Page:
magic? On a rare foggy night, mysterious laser beams seem to play across the MAGIC telescope at Roque de los Muchachos on the Canary Island of La Palma. The lasers are actually part of a system designed to automatically adjust the focusing of the inovative, seventeen meter wide, multi-mirrored instrument. The MAGIC (Major Atmospheric Gamma Imaging Cherenkov) telescope itself is intended to detect gamma rays - photons with over 100 billion times the energy of visible light. As the gamma rays impact the upper atmosphere they produce air showers of high-energy particles. The MAGIC camera records in detail the brief flashes of optical light, called Cherenkov light, created by the air shower particles that ultimately correspond to cosmic sources of extreme gamma-rays. While the MAGIC I telescope became operational this year, the dramatic picture shows the nearly completed version of the instrument in October 2003.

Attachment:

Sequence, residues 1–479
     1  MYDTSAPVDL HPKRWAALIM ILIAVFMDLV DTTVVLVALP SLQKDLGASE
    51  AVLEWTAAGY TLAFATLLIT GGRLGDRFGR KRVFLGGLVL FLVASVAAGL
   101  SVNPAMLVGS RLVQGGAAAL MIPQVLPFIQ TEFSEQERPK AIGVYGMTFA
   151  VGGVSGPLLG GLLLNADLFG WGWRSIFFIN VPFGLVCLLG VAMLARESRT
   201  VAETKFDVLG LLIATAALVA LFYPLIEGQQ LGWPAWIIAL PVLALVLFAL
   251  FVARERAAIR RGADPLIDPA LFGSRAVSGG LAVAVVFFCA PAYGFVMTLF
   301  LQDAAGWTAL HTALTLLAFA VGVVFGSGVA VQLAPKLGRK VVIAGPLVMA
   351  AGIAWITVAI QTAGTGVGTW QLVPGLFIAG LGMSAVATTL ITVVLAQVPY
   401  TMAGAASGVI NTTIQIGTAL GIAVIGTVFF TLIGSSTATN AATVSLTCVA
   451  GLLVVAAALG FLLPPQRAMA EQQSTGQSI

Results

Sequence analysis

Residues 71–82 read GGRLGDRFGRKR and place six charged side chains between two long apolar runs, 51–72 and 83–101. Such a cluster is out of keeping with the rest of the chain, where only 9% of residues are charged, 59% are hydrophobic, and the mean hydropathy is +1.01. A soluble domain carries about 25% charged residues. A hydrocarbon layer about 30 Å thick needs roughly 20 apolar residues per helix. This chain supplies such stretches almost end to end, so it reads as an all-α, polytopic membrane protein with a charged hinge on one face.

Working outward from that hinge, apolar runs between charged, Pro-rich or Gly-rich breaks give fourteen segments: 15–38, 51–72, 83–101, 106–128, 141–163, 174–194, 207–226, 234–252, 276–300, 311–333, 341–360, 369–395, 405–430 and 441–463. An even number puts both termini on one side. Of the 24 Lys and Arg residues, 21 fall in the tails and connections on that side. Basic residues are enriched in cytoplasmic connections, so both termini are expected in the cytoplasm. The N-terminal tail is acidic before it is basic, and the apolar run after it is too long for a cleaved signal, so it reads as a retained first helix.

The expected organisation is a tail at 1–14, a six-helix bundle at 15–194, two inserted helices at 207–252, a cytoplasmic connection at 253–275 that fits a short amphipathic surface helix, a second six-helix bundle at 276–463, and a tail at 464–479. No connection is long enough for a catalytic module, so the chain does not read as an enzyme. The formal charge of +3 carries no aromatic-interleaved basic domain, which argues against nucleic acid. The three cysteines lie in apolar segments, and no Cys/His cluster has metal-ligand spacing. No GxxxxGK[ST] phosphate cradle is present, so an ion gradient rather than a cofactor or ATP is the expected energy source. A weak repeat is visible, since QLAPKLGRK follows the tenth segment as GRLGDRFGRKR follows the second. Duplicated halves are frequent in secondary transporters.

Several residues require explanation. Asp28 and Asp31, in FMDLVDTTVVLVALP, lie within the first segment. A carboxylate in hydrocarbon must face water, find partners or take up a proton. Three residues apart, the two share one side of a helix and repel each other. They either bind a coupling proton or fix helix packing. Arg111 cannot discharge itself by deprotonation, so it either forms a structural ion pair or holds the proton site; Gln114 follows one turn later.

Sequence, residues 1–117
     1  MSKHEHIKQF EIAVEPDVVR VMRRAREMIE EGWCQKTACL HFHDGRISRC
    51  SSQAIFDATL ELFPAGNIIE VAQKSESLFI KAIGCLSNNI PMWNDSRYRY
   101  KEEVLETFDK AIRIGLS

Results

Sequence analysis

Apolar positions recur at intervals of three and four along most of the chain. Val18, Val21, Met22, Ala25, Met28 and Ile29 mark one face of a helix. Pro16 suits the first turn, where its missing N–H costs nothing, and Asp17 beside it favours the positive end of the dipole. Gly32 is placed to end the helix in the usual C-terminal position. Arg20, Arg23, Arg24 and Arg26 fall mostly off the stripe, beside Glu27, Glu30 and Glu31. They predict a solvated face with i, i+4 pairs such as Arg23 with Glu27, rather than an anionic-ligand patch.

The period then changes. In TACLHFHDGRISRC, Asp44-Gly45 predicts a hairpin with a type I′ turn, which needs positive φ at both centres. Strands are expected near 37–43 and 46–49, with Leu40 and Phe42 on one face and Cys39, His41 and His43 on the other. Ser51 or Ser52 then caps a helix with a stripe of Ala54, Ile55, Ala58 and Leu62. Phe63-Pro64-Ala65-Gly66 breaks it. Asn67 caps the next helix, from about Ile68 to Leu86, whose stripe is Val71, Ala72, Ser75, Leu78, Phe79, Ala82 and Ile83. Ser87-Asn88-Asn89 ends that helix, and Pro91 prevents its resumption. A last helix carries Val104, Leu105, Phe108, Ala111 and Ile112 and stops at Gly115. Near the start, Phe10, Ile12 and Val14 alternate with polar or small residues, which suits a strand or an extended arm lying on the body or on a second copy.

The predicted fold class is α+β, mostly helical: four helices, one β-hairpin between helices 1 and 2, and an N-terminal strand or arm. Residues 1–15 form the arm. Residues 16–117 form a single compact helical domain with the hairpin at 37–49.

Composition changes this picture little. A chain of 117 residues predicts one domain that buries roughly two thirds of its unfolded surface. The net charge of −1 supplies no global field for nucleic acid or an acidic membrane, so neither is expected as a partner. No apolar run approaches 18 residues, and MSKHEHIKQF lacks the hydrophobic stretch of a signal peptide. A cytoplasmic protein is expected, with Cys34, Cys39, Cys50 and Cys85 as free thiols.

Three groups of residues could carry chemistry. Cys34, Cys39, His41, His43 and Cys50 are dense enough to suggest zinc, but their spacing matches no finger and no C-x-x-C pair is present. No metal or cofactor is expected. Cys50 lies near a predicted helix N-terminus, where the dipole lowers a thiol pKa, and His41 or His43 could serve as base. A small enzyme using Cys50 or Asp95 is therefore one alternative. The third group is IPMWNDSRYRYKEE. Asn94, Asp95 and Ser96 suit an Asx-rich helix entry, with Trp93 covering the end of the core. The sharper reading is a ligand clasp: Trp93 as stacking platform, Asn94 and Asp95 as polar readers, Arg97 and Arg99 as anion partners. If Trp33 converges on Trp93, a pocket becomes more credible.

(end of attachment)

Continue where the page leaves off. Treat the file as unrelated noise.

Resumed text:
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NASA Official: Jay Norris. Specific rights apply.
A service of: LHEA at NASA / GSFC
& Michigan Tech. U.
Based on Astronomy Picture Of the Day
Publications with keywords: gamma ray - telescope
Publications with words: gamma ray - telescope